Password strength testers are becoming more common in the account sign-up process. Their purpose is to indicate whether the passwords chosen by users are weak, good, strong, or very strong – the implication being that good, strong, and very strong passwords will help protect the account from brute force attacks. But how accurate are password strength testers?
To find out, we ran a test pitching five variations of commonly-used passwords against five password strength testers. We also ran the same test with a randomly-generated password and a randomly-generated passphrase to determine if accuracy issues existed with more complex passwords and NIST-recommended passphrases.
How We Set Up Our Passwords
We picked five commonly-used passwords from the top 100 passwords identified in data breaches by the Open Web Application Security Project (OWASP). Because all password managers will identify these as weak passwords, we amended the passwords to add complexity – either by adding numbers, letters, or substituting numbers and letters for special characters. Consequently:
password became password2022. By adding the year to the second most commonly used password, we increased the entropy count (randomness) from 37.60 to 62.04; which – according to a 1Password blog – is just about “sufficient for any purpose”. As you will see, it isn’t.
qwerty became qwertybank. Like adding the year to “password” (above) or adding your date of birth to your name, adding the nature of an account to a weak password is a common practice. Unfortunately, this does not turn a weak password into a strong password.
letmein became letmeintowalmart. This change to one of the most commonly-breached passwords resulted in a 16-character password – longer than the minimum password length recommended by Microsoft (14 characters) and many other leading security experts.
trustno1 became trustñ01. The password trustno1 implies the user of this password is security-conscious, but this password is the 37th most-breached password. We strengthened it by exchanging the “n” for an “ñ” and the letter “o” for the number “0”.
abc123 became abc123ABC!@#. Many password security blogs recommend using a combination of upper- and lower-case letters, numbers, and special characters. In this case, we used the special characters by holding down the shift key when typing 123 on a U.S. keyboard.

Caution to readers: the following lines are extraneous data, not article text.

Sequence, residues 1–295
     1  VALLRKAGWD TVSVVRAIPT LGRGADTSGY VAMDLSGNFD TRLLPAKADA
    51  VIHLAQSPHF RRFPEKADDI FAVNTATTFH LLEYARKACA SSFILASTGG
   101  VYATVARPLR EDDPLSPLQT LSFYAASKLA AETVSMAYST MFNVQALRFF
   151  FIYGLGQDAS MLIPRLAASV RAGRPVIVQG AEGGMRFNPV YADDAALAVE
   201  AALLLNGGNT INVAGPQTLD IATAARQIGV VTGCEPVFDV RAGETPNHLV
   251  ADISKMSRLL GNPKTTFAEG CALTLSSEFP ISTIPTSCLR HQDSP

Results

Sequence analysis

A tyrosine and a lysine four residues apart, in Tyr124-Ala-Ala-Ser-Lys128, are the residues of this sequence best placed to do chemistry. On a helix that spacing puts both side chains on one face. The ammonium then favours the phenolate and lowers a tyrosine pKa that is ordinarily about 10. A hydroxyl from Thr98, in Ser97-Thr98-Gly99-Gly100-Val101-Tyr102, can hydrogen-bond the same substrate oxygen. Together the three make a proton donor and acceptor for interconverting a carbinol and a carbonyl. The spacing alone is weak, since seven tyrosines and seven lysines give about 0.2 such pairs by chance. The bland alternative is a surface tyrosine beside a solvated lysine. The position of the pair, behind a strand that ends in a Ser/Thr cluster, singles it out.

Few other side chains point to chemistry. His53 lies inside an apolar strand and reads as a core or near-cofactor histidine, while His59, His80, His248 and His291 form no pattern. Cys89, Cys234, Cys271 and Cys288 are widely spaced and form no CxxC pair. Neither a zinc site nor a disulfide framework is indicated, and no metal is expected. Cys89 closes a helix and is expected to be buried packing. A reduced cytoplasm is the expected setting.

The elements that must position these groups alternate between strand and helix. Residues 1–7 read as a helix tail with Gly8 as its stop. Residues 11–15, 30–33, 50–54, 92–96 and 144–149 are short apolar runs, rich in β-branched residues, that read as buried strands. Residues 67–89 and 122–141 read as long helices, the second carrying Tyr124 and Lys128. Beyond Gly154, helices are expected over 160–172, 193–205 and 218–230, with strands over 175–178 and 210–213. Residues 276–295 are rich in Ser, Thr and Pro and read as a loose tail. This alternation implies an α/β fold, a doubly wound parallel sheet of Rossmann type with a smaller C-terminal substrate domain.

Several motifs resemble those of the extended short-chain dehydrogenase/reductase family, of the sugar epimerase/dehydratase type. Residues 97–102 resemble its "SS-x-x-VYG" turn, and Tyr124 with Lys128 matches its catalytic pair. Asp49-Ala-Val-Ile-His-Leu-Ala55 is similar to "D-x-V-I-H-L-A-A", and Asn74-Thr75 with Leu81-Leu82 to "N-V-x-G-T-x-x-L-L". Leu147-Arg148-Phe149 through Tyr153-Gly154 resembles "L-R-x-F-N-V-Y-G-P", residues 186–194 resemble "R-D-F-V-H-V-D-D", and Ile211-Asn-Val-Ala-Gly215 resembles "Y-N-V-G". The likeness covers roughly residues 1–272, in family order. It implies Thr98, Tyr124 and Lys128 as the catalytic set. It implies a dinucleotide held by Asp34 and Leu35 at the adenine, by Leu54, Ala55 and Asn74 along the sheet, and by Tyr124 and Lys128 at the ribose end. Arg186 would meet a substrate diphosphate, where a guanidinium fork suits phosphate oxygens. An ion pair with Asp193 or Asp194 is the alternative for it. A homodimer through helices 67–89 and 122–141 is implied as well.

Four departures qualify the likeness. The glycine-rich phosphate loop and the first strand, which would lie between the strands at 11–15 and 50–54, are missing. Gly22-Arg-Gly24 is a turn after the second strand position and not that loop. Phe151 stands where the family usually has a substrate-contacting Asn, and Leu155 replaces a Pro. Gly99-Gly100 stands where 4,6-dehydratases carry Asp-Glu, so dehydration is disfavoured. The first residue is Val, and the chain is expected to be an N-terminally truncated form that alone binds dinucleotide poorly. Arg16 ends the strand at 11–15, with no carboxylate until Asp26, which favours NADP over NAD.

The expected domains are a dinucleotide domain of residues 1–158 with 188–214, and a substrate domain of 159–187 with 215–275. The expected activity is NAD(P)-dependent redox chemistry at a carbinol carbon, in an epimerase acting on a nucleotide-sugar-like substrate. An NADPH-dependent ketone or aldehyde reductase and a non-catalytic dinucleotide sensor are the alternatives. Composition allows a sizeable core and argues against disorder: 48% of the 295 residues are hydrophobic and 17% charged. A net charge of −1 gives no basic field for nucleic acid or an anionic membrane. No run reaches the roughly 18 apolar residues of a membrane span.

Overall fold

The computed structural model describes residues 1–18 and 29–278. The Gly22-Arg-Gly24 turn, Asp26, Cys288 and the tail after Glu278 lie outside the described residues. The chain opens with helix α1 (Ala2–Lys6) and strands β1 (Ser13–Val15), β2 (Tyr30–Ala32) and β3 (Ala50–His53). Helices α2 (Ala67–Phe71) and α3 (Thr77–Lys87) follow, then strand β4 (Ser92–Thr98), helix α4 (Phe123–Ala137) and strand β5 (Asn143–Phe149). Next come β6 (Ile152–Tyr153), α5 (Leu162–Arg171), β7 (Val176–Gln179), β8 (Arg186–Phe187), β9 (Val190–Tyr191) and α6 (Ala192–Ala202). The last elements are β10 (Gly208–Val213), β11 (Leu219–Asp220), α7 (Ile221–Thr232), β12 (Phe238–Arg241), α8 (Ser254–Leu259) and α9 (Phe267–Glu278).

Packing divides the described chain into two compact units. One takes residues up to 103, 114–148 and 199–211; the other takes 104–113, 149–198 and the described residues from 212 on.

How We Chose Our Password Strength Testers
Although there are hundreds of password strength testers, the majority only tell you if a password is weak, good, strong, or very strong. We wanted to access the accuracy of password strength testers by using a more sophisticated measurement, so we picked five testers that indicate how long it would take a brute force algorithm to crack the password.
The five password strength testers chosen represent a cross-section of those freely available on the Internet:
- All Things Secured is a multi-purpose online security site acting as an affiliate for many different security software vendors.
- Bitwarden is a leading open source password manager with a good range of plans for individuals, families, and businesses.
- NordPass is a password manager developed by the people behind NordVPN that has a less-than-transparent subscription structure.
- Psono is a feature-limited open source password manager which can represent value in some use cases but with a high management overhead.
- Security.org is another multi-purpose online security site full of reviews pointing you towards the best affiliate deals (for them – not you).
Once we had chosen our five testing tools, we ran our five amended passwords through each one to ascertain how long might survive a brute force attack.
The results of our test show a massive inconsistency between password strength testers. The All Things Secured tester produced the results we largely expected, and – with the exception of the “Walmart” password – so did Bitwarden. However, businesses checking the strength of user passwords against the NordPass, Psono, or Security.org testers could be left with a false sense of security.
How about Random Complex Passwords and Passphrases?
It is well chronicled that humans are useless are creating random complex passwords and passphrases. Therefore, to conduct the second half of our test (and to ensure impartiality), we used Dashlane’s password tool to generate “T66sEmj2Gi@X” and randompassphrasegenerator.com to generate the passphrase “scheme stir grass” (with spaces to add entropy). The results were:
- All Things Secured – centuries to crack
- Bitwarden – 3 years to crack
- NordPass – 3 years to crack
- Psono – 748 years to crack
- Security.org – 34,000 years to crack
scheme stir grass
- All Things Secured – centuries to crack
- Bitwarden – 92 years to crack
- NordPass – centuries to crack
- Psono – 747,212,696 years to crack
- Security.org – 10 billion years to crack
These tests further highlight the inconsistency of password strength testers. It also makes you wonder how good Dashlane’s password tool is at generating complex passwords considering the results we got from Bitwarden’s and NordPass’ testers. In terms of accuracy, although we like the precision of Psono’s tester, we feel that Bitwarden’s testing tool is probably the most accurate.
Conclusion – Don’t Rely on One Password Strength Tester
In all things related to online security, it is important to verify any information provided to you. Therefore, we recommend you repeat our tests with your own passwords and test any new or replacement passwords across multiple password strength testers to ensure they are sufficiently strong to resist brute force attacks.
We also recommend you add an extra layer of security to online accounts by applying two-factor authentication wherever possible. Most online websites support two-factor authentication, while most password managers provide free tools to mitigate any perceived inconvenience of introducing an extra step into your online security.